I was perusing creative writing blogs this morning. I saw one in Portuguese, one in Swedish. I opened them but I couldn’t read them. I simply stared at the characters on the page, hoping something would sink through to me. I am that connected to someone who speaks Portuguese or lives in Sweden. And they are that close to me. I shrink when I realize that they will probably be able to read my blog. Because English is the dominant culture language.
I’ve been reintroduced to dominant culture thinking through Riane Eisler and Jean Shinoda Bolen and Alice Walker in the last month. I listen. I read. But all I have to do is go walk the labyrinth and the barriers melt away. The Spring thaw. Because that’s what happens with archetypes. All people can relate to them. The universal language.
But I’m supposed to be writing about spring break. When I was in college, we didn’t take the kind of wild spring breaks I see on TV these days. Thank goodness for small favors, to quote my mother. We might head over to a remote beach at the ocean for a day and walk the boardwalk. Back then I owned a mint green Ford Econoline van with my lover. I worked at an Alert gas station in the summers. Or pumped gas for semi’s.
It’s hard to remember spring breaks. Everything seemed to run right into fall and winter.
Monday, March 26th, 2007
Funny how on this Spring Break Monday morning I want the tile floor to be warm. It’s cold, cold as tile can be on a still cool morning. If I turn on the heat, then my mid-morning the whole house will be stuffy.
Spring. A transitional season. A season of wind, sudden snowfall, 80-degree days that make you fret summer will be a scorcher. Or today. A “normal” spring day. A breeze will start up by noon. The temperature will hit 68. Clouds will gather by late afternoon. A chance for rainstorms tomorrow.
I’m making it up. We had rain all Friday night and most of Saturday. Then sun yesterday. I’d like to say spring is my favorite season. A hopeful season. Warmth after a long, cold winter. The shoots on the elm trees are so brilliant green they make your eyes hurt. Especially elms, the weed of trees. Nasty little yellow seeds that by planting time will blow across fields and roads, move like swarms close to the ground.
Spring, and if it weren’t for the ushering in of summer I could pass on it. If I lived further north spring might be a continuation of winter. Nothing to write home about.
Good news is my allergies are not spring allergies. People around here are sneezing and crying about their allergies. Radio DJs home sick on a workday morning. I wouldn’t mind staying home, not sick, though. I wouldn’t mind being a kid again, having the week off for Spring Break. Wouldn’t mind spring one bit at all.
Posted in Bones, Culture, Film / TV / Video, Holidays, Laughing, Personal, Quotes, Random, Secrets, Taos, Things That Fly, tagged , Bones, Golden Lasso of Truth, Halloween, Quotes, superheroes, Wonder Woman on March 25, 2007 | 17 Comments »
I got a short, one page letter in the mail on Wonder Woman stationery from someone in last year’s Taos writing Intensive that inspired me to scour the world for Wonder Woman quotes.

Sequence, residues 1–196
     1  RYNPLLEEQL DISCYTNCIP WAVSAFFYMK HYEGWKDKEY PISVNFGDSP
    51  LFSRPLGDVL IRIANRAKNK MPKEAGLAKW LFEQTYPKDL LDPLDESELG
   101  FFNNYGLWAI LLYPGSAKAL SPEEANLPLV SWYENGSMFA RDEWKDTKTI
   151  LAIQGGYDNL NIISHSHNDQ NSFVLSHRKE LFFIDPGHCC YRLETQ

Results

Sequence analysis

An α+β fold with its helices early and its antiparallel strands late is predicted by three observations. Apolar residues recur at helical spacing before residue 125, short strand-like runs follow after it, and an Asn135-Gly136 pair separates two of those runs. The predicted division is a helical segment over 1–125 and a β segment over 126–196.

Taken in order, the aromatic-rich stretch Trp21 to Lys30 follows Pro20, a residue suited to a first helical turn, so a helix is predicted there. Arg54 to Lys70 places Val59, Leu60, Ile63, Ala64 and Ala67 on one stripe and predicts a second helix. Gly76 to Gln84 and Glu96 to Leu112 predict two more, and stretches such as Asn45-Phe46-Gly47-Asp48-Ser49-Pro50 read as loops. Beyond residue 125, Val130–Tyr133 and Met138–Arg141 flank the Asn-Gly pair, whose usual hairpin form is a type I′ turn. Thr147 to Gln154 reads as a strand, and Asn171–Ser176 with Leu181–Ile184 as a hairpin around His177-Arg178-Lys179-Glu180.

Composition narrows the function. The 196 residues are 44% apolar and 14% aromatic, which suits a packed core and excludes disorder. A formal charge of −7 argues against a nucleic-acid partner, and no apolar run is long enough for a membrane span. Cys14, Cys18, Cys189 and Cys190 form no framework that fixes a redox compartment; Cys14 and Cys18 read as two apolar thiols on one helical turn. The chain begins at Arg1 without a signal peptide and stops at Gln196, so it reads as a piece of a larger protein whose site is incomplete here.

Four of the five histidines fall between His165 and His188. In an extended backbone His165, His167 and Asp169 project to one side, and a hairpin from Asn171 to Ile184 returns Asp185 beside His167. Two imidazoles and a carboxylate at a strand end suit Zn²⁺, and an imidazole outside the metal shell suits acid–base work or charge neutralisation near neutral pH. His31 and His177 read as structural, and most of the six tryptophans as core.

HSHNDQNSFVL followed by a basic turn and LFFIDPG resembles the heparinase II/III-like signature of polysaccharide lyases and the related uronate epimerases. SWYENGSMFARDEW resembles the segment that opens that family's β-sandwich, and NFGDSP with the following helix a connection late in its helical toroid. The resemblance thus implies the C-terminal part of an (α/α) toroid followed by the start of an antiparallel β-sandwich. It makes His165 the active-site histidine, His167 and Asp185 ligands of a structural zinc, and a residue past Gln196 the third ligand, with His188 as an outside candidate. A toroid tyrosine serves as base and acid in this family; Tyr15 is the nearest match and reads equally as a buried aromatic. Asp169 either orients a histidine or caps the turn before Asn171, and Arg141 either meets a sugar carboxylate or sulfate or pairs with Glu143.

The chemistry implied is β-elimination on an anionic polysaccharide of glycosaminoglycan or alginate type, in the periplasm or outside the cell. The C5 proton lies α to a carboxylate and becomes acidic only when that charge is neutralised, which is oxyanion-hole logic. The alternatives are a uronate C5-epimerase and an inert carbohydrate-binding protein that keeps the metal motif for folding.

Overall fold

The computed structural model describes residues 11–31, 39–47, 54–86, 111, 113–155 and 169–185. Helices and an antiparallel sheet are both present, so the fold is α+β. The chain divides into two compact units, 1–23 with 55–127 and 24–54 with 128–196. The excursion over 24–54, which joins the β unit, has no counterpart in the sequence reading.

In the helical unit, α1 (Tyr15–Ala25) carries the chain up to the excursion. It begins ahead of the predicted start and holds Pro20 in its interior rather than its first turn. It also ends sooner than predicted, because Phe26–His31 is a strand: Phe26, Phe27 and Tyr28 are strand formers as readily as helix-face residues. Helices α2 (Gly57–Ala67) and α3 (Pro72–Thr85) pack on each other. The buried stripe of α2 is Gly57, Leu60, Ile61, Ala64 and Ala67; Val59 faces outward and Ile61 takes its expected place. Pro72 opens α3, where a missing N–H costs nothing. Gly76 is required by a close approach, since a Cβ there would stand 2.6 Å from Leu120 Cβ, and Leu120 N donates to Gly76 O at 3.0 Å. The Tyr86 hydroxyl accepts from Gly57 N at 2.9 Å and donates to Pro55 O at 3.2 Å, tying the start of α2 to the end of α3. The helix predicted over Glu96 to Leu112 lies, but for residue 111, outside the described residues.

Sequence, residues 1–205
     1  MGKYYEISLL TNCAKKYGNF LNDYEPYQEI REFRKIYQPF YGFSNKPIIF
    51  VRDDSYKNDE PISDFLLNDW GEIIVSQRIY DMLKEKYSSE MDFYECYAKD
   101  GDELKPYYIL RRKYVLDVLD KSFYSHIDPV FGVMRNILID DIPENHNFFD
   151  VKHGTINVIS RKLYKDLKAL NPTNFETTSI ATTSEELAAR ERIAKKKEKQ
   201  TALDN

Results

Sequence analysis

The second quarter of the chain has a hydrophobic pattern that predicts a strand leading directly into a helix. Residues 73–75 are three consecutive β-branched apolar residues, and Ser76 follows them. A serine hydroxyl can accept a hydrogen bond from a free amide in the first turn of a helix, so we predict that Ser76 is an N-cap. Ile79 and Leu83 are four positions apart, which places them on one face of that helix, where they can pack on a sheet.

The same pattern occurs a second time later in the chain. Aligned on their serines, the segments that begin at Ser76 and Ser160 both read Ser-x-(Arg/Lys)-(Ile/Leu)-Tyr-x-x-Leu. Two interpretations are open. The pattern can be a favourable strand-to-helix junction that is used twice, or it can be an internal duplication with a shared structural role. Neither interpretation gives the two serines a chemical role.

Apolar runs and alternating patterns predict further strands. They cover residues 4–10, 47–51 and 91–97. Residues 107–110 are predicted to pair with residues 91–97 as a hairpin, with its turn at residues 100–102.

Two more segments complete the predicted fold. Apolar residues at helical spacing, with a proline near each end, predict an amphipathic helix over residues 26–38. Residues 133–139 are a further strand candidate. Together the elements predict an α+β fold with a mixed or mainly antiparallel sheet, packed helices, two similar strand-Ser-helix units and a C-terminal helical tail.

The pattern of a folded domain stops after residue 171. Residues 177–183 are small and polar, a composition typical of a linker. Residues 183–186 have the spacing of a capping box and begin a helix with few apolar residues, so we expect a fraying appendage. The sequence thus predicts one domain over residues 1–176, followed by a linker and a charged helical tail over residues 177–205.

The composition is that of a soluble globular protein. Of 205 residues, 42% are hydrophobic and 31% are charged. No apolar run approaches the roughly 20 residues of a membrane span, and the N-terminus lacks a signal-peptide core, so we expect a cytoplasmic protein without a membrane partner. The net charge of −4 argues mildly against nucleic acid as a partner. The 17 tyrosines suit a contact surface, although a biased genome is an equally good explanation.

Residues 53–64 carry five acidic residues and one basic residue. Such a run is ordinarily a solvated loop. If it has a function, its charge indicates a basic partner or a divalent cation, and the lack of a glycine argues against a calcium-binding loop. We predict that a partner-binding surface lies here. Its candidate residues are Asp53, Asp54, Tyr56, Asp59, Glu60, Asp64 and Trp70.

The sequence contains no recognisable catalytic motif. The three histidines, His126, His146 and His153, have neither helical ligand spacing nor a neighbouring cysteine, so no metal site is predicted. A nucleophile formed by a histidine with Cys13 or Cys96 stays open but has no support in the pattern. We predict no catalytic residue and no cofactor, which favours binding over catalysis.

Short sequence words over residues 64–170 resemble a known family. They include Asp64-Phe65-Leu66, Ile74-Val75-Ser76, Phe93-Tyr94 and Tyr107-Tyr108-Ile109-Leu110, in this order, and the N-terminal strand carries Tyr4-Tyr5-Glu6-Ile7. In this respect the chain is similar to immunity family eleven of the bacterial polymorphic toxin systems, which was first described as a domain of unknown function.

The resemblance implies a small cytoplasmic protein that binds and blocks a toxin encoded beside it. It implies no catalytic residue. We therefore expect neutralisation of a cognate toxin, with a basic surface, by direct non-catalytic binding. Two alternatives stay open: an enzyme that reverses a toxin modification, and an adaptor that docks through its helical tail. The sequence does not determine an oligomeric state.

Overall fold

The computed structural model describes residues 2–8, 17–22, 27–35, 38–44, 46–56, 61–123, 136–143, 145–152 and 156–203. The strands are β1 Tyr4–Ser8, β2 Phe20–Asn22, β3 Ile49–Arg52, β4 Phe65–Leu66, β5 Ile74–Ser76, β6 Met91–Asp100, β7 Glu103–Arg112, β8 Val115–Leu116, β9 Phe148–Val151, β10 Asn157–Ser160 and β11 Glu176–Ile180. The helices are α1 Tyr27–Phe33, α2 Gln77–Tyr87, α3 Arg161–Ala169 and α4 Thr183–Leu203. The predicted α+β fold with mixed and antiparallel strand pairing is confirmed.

It made me wonder if they actually remembered that writing practice I read about carrying the Golden Lasso of Truth through Missoula, Montana on Halloween, 1975, dressed in powder blue, unribbed long underwear, navy wrist bracelets, a fire red breast plate, and yellow domed headgear.
Or do they just love Wonder Woman as much as I do?
Here are the best quotes I found from DC comic books and the 1975 television series The New Original Wonder Woman with Lynda Carter. I also found The Wonder Woman Pages to be an incredible archive of information.
I’m reminded that TV, screen, and comic book scribes are writers, too.
“This is the Golden Lasso. Besides being made from an indestructible material, it also carries with it the power to compel people to tell the truth. Use it well, and with compassion.” – Queen Hippolyte (played by Cloris Leachman)
“Go in peace my daughter. And remember that, in a world of ordinary mortals, you are a Wonder Woman.” Queen Hippolyte
“Please take my hand. I give it to you as a gesture of friendship and love, and of faith freely given. I give you my hand and welcome you into my dream.” -Wonder Woman #167
“If it means interfering in an ensconced, outdated system, to help just one woman, man or child…I’m willing to accept the consequences.” -Wonder Woman #170
“What was it that John Lennon said? ‘Love is the flower you’ve got to let grow.’ Let it grow already, and quit trying to legislate it!” -Wonder Woman #200
“Of all people, you know who I am…who the world needs me to be. I’m Wonder Woman.” -Infinite Crisis #1
And, finally, my personal favorite:
” A new journey to be started.
A new promise to be fulfilled.
A new page to be written.
Go forth unto this waiting world with pen in hand, all you young scribes,
the open book awaits.
And above all else, be young.
For youth is your greatest weapon, your greatest tool.
Use it wisely.”
–Wonder Woman # 62 by George Perez
the scene where Vanessa Kapatelis graduates and Diana is hugging her
Sunday, March 25th, 2007